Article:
TheGeekery

The Usual Tech Ramblings

Bash Magic...

A while ago, I posted an quick item on normalization of my music collection. What it left me with, was a directory full of all the music files, and no particular layout at all. I’m particularly fond of trying to keep my directories tidy, no mater what operating system, so this was beginning to bug me just a little bit. My standard format is “/media/artist/album/”. Sometimes I will also use “/media/artist/album/track# – Title” so that they are in order by their track number. As they were all lumped into one folder with the file naming convention of “artist – title”, this would require just a little bit of work, or a little bash magic.

First, I need to find out the album names. As this isn’t part of the file name, I had to use something else. mp3info is handy at this as it can read the MP3 tags. So to get just the album name, I call:

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mp3info -p "%l" <file>

This returns the album name. mp3info isn’t just limited to the album, but can return any of the MP3 ID tags. The other really handy thing about mp3info is the -p option behaves like printf. With that in mind, I can now use the following to pre-build a directory structure:

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mp3info -p "/media/%a/%l" <file>

This should output something like /media/Finger Eleven/Them Vs You Vs Me for the file Finger Eleven – Lost My Way.mp3. Now I have a directory structure, I need to build a new filename to fit my preferred format of “track# – title”. This again calls mp3info

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mp3info -p "%02n - %t.mp3" <file>

This will return “04 – Lost My Way” for the same track above. Here is where the bash magic binds it all together. First we have to go through all the MP3 files to get the information. That’s a case of a simple loop.

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for file in *.mp3;
do
  [..]
done

Then, within that loop, we have to mash together all the previously extracted information. We’ll drop them into handy variables as we go through the loop:

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  OUTDIR=`mp3info -p "/media/%a/%l" "${file}"`
  OUTTRK=`mp3info -p "%02n - %t.mp3" "${file}"`

Notice I have enclosed ${file} in double quotes. This is because I have files with spaces in them. If I didn’t, mp3info would complain about not being able to find the file “Finger”. If you don’t know why I used “%02n” for the track number, instead of just %n, see the man page for printf. It basically forces everything to a 2 digit number, with 0 padding from the left. So 1 becomes 01, 5 becomes 05, and 10 stays as 10. I do this because windows still doesn’t sort numerics properly, and treats them as text, so you end up with a stupid sort order like this:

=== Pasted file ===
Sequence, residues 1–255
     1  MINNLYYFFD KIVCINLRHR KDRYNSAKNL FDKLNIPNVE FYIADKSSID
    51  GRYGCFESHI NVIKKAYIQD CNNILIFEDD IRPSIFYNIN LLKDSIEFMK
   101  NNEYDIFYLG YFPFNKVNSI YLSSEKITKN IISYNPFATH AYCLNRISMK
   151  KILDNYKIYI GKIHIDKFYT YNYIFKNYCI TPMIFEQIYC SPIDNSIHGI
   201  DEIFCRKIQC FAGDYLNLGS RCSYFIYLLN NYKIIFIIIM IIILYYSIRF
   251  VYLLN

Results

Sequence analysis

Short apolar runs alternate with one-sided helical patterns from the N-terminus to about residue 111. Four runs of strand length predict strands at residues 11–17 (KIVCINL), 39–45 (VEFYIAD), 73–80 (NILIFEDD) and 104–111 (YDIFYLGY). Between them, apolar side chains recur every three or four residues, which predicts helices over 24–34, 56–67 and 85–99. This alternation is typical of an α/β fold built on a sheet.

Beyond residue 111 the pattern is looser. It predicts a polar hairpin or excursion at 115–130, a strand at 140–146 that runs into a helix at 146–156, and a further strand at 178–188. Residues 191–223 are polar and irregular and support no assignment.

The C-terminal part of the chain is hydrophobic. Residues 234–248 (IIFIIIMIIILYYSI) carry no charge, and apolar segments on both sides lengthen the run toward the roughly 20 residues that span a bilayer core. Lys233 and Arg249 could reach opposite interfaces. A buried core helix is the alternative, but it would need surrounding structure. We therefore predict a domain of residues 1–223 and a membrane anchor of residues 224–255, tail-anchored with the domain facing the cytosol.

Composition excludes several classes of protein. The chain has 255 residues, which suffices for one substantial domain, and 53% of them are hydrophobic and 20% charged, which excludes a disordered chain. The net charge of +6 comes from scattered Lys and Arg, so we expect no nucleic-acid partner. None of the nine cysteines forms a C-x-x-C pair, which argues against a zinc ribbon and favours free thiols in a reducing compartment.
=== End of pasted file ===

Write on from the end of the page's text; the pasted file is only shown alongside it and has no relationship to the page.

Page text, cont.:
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10
11
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4

Now we have to introduce some basic tests. We don’t want to attempt to try moving a file into a location that doesn’t exist. So we test for the existence of a directory structure:

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  if [ ! -d "${OUTDIR}" ]
  then
    mkdir -p "${OUTDIR}"
  fi

Some diehardiests will probably complain at me for using spaces in my directory names, but I don’t personally have an issue with it. If you don’t like it, use some regex to change a space to an _. The -p option for mkdir forces it to create the entire tree, so if the artist folder didn’t exist, it’d build that as well as the album folder.

The final step, is to rope it all together, with the move, and you have the following:

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for file in *.mp3;
do
  OUTDIR=`mp3info -p "/media/%a/%l" "${file}"`
  OUTTRK=`mp3info -p "%02n - %t.mp3" "${file}"`

  if [ ! -d "${OUTDIR}" ]
  then
    mkdir -p "${OUTDIR}"
  fi

  mv "${file}" "${OUTDIR}/${OUTTRK}"
done

This is a basic bash script, and could probably do with some more tests, such as validating the track name, and ensuring the directory was made, but I knew all my files were okay, and that I had the ability to create the directory structures. Now, my MP3s are all tidy, in a nice folder structure, and easy to track down.

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